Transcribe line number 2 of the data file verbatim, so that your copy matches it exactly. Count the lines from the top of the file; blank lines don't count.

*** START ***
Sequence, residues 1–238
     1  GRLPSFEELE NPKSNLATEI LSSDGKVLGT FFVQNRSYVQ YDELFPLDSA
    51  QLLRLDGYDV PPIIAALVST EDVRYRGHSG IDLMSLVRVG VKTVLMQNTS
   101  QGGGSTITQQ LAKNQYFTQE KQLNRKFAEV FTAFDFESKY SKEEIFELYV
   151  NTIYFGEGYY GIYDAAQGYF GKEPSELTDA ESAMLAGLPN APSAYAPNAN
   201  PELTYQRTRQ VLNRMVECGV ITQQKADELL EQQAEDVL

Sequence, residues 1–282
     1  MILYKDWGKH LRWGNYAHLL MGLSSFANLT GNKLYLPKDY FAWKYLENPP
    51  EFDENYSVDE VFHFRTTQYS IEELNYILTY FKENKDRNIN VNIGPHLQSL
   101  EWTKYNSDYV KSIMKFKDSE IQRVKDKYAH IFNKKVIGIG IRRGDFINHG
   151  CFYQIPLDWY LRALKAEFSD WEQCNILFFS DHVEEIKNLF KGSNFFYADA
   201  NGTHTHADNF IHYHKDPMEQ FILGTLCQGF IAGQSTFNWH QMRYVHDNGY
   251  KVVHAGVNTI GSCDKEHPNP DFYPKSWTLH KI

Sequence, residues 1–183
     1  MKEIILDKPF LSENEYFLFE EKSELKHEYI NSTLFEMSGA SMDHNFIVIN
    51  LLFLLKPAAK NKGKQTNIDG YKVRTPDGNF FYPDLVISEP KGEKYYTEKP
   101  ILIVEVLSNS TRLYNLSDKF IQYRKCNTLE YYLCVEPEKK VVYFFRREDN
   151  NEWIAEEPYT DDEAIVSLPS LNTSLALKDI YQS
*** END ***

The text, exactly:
     1  GRLPSFEELE NPKSNLATEI LSSDGKVLGT FFVQNRSYVQ YDELFPLDSA